On Saturday, Dan and I rode our bikes over 103 miles for the Ithaca AIDS Ride for Life.
We left the house at 5:30 a.m., bikes and gear stashed in the back of our car, bagels and water in hand. Stewart Park, the starting point, is barely 2 miles from our house, so we considered just riding to the start, but I’m glad we drove. It enabled us to drop extra layers of warm clothing (necessary during line-up time, but not needed on the bike) in the car, and to have non-bike shoes and shorts for after the ride. Plus, there’s no way I would have wanted to ride another 2 miles after that century!
In order to fit both bikes in the back of the car, we had to take my front tire off. It was a bit of a challenge to get it back on in the pitch-black 6 a.m.-ness, but we were able to fix it once we got to the starting line and some light. We pinned on our numbers, stretched out, and then it was time to line up for the opening ceremony. I knew that one of the biggest climbs of the ride would be coming up in the first mile, and decided last-minute that it was too warm for my jacket. We stuffed it into Dan’s bike bag as the organizers welcomed us to the ride.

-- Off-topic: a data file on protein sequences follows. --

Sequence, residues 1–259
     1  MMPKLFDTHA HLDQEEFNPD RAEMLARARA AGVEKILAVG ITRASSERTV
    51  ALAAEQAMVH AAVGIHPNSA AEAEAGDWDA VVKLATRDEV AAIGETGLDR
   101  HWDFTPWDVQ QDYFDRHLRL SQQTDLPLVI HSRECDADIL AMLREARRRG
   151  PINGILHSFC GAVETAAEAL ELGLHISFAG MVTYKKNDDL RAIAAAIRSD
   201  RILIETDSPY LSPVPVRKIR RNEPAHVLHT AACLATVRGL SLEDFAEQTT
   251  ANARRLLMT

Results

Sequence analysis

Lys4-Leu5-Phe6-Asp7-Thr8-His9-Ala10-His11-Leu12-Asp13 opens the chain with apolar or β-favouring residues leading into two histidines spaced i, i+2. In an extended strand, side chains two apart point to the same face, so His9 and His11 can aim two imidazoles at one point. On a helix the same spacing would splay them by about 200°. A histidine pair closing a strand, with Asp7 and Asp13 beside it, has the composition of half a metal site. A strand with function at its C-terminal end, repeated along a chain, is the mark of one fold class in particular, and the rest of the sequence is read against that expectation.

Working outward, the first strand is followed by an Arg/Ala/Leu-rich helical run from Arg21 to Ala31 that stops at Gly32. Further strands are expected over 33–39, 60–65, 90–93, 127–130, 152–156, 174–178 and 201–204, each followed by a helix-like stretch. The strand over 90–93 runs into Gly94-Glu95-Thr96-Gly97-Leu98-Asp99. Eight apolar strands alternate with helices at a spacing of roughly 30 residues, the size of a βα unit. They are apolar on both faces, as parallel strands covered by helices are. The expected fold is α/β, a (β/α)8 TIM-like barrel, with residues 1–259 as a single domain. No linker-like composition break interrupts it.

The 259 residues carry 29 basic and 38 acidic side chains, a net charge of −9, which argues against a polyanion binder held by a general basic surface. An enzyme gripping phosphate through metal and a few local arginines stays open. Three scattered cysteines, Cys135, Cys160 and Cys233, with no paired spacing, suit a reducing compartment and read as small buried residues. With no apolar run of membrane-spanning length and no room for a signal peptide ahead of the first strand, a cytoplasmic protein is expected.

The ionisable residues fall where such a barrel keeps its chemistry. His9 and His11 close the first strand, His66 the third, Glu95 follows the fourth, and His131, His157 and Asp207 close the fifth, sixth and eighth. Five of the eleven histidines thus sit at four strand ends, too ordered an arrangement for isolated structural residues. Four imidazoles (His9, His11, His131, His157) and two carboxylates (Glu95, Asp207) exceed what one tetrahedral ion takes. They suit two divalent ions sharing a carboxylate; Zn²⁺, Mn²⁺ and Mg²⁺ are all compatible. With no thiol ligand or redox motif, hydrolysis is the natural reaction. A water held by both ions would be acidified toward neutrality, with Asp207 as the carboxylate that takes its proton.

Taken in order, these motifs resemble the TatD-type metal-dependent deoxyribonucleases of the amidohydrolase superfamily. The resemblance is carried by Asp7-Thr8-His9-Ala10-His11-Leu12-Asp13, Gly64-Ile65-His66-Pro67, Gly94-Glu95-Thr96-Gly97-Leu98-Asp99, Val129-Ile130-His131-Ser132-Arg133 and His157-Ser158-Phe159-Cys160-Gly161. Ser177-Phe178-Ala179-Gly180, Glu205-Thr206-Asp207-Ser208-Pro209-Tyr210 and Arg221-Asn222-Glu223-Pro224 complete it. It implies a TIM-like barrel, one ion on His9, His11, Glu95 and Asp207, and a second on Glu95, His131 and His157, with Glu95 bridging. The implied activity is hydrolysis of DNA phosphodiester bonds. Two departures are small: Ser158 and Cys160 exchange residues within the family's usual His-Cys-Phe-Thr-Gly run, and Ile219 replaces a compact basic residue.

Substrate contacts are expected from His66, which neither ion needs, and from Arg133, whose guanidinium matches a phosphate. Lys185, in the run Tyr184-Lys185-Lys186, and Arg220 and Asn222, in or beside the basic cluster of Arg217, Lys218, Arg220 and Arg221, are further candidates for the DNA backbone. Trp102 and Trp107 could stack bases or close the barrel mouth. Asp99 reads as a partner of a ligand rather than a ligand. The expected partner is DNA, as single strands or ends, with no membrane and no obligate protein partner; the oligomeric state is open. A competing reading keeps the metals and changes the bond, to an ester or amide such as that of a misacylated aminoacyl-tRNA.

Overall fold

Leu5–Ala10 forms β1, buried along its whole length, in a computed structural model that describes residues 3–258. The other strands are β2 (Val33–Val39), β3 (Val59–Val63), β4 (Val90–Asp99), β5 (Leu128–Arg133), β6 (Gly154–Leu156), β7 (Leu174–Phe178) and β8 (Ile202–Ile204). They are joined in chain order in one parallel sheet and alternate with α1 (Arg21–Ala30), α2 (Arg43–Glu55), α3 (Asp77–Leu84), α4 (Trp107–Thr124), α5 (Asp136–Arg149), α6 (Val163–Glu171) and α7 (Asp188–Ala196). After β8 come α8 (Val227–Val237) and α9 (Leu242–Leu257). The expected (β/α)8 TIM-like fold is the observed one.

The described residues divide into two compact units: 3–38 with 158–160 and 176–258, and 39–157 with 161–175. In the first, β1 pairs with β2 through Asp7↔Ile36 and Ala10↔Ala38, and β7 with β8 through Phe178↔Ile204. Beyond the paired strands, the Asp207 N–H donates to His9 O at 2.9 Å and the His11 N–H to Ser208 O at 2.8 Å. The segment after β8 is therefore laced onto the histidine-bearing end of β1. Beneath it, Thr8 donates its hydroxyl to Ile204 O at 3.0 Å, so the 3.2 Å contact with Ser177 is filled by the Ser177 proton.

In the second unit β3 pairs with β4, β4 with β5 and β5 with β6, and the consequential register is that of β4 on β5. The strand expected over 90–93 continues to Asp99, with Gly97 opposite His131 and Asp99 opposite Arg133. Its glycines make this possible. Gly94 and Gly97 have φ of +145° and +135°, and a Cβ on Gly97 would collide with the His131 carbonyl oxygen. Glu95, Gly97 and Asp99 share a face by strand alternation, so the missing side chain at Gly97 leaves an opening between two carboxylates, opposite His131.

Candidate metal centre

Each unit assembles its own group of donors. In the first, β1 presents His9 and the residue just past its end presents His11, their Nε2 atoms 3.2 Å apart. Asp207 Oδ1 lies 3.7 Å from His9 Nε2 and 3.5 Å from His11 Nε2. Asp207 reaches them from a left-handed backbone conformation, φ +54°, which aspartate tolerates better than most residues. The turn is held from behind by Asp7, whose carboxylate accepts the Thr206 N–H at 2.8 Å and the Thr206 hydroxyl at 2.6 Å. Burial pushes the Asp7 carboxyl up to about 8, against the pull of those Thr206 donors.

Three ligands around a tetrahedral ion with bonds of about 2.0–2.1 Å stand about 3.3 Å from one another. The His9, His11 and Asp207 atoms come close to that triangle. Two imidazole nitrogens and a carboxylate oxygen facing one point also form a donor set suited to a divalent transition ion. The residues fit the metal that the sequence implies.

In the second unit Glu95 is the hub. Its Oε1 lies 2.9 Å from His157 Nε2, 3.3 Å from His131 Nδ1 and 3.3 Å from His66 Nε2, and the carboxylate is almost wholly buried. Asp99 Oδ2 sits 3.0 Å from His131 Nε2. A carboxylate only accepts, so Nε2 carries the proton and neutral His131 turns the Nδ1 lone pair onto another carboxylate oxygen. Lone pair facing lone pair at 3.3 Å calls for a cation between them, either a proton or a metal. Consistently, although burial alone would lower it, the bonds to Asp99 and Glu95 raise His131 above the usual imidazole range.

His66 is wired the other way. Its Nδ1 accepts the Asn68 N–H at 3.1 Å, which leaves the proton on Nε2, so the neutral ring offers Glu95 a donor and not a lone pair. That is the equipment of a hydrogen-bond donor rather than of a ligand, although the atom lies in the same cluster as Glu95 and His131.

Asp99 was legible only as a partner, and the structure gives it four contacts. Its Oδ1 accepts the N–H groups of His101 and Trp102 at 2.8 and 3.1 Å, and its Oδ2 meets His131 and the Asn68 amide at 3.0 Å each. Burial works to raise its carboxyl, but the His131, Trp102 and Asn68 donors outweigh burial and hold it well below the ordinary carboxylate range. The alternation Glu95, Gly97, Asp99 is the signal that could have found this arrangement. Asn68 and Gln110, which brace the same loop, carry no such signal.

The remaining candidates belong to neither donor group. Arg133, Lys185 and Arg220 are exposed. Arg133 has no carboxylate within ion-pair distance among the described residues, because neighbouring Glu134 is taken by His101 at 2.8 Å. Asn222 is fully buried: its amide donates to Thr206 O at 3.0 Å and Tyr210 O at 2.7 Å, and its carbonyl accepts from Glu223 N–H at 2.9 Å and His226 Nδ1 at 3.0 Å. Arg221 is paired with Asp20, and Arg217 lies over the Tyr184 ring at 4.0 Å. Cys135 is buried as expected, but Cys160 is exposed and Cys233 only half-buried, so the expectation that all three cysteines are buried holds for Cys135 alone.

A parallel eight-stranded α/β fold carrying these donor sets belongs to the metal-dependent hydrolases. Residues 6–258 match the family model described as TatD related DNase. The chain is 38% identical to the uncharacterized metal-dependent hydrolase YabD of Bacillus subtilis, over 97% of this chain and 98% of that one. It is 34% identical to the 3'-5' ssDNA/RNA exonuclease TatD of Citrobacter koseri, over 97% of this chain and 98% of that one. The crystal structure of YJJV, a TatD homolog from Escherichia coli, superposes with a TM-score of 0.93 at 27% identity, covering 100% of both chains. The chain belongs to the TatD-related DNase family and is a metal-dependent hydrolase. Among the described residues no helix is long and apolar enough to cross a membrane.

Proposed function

Two volunteers silently wheeled a riderless bike through the crowd, in memory of all those who had lost their lives to AIDS, and with a read statement from the mayor of Ithaca, we were off. They staggered the starts a bit, and since I’m not a fast climber, Dan and I lined up near the back.
Almost immediately after leaving Stewart Park, we started to climb. Usually when we ride out of town in this direction, Dan and I take a different street – one that is much less-trafficked, but also much steeper and taller, so I was pleasantly surprised at how easy the hill felt. It was much more gradual and steady than I was used to, though much longer than I had anticipated. All the riders were still in one big pack this early in the ride, as the hill evened out and we made the steep drop into Lansing. The next hill, I knew, would be the hardest one of the ride.
My training paid off, and I felt encouraged by all the other people pushing up that hill alongside me, so though I am still a slow climber (always have been, always will be, I suspect, thanks to my short legs), I felt strong at the top. By then, only 10 miles in, we were done with the biggest, most difficult hills of the ride. Well, the hardest hills from an elevation standpoint. Turns out, they weren’t the most difficult hills from a mental and physical standpoint…